'According to Interpol, the illicit antiquities trade is the 3rd largest illegal industry in the world after illicit trade in drugs and arms.'
Eric Kansa, from the Alexandria Archive, gave a presentation called 'Open Knowledge and Heritage: Moving the Past to the Cultural Commons' at the DV Fellowship the other day. It was a fascinating discussion about the Institute's plans to build a cross-platform archive for archaeology and world history that aims to preserve and promote our shared, global heritage. According to the website, 'The AAI has the capacity to store far more maps, pictures, and artifact information than traditional publication and make them accessible worldwide through simple Internet searches. By removing barriers to information, we encourage innovative research and enable people from all walks of life to explore the past and think creatively and critically about its relevance to the present.'
Kansa spoke about the potential for human beings to collaborate with one another, drawing from as many sources or perspectives of history in order to gain more meaningful pictures of the past. He said that, because the past is only meaningful in context and because the past is a resource that is often politically contested, the Alexandria Institute believed in global public access to these knowledge sources, rather than seeing the past as a 'treasure' of war or personal affluence.
For this massive undertaking, the Alexandria Institute is collaborating with XSTAR project at Chicago University to develop an intuitive interface to view, search, and analyze archaeological and historical information. XSTAR which stands for "XML System for Textual and Archaeological Research", is being developed as the xml standard for archeological documentation on the Internet.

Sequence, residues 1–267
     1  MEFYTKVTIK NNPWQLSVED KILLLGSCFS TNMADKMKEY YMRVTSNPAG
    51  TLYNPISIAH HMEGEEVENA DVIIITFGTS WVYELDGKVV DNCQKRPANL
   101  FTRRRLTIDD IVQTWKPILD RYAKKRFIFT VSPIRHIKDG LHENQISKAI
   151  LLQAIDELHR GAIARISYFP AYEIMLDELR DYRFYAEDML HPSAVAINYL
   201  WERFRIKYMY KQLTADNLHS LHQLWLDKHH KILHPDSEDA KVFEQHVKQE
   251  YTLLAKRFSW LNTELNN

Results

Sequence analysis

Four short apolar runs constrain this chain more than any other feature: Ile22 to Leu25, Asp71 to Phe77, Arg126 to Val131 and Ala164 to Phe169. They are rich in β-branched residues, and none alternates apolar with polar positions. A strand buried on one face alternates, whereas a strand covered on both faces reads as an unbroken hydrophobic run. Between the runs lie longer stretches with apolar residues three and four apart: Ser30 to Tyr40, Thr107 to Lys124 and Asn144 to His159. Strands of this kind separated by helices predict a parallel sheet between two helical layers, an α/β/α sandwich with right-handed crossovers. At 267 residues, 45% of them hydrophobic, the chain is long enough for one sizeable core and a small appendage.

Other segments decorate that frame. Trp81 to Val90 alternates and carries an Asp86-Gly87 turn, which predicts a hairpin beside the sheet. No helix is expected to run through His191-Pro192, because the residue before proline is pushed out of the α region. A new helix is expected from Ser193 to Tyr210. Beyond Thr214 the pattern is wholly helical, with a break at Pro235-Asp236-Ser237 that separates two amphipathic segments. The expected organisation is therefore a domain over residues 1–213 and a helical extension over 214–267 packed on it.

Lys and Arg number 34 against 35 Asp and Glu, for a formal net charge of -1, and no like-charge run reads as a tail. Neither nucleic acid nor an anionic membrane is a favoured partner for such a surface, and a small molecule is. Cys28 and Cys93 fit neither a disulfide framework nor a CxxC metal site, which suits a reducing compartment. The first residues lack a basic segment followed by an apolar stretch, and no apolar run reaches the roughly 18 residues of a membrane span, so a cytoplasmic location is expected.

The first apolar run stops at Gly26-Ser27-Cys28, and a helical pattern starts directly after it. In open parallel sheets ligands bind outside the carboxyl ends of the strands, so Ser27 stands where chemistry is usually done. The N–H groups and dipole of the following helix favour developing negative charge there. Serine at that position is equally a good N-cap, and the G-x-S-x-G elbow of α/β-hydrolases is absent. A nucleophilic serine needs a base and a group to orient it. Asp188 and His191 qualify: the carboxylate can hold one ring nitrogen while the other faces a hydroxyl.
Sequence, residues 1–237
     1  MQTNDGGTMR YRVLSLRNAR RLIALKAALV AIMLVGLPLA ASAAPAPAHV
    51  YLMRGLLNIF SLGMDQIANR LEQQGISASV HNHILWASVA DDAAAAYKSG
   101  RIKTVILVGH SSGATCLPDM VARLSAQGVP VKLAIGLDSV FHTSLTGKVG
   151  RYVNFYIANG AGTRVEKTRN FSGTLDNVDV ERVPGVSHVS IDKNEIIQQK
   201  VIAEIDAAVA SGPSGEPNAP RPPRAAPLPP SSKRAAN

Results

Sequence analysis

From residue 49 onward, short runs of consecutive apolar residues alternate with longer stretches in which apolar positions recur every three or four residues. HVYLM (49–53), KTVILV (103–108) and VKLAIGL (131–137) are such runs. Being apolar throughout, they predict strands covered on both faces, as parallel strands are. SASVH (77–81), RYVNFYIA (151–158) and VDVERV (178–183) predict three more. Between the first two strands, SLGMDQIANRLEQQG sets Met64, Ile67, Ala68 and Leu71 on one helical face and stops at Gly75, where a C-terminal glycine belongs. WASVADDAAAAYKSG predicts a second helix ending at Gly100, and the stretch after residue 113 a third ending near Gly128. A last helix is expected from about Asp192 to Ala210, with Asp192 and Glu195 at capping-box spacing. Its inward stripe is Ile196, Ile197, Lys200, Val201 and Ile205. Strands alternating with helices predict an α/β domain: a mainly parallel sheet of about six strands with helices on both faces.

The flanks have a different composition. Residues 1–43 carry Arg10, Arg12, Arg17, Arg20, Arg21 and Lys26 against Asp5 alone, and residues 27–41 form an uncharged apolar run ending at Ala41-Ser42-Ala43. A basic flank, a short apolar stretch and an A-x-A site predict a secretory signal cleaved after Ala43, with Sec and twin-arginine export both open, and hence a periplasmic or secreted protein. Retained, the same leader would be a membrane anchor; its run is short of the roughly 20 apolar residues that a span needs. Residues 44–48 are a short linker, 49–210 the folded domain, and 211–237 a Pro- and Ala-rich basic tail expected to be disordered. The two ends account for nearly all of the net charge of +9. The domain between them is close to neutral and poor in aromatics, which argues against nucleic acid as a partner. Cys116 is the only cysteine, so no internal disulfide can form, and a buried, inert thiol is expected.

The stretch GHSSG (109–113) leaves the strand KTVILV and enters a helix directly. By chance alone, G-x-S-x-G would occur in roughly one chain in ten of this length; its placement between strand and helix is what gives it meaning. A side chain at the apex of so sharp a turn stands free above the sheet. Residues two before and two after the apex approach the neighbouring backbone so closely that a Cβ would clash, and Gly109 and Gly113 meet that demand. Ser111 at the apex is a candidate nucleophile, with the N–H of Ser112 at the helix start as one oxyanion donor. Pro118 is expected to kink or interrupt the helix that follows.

The Institute is currently using Creative Commons licenses for its content, but Kansa says that they may have to develop a "cultural heritage license" that is more specific to the archeological context of publication around the world. They are working with Jason Schultz at the Electronic Frontier Foundation on issues such as data "abstraction" (data that isn't copied but rather extracted and compiled from scholarly publications) in order to avoid copyright limitations and to provide an alternative to those organisations that still want to retain copyright to their data.
I think that this will be a critical issue for the Creative Commons movement. It is essential to promote the knowledge about our past as a global, public commons, so that we can have the opportunity to rip, mix and burn ideas about the past that fit with our own sense of identity. Because as Kansa says, 'our past, our culture, is and always has been a source of our creativity.'
I can't but think that if we remove that spark by privatising our shared history, we will be less human as a result.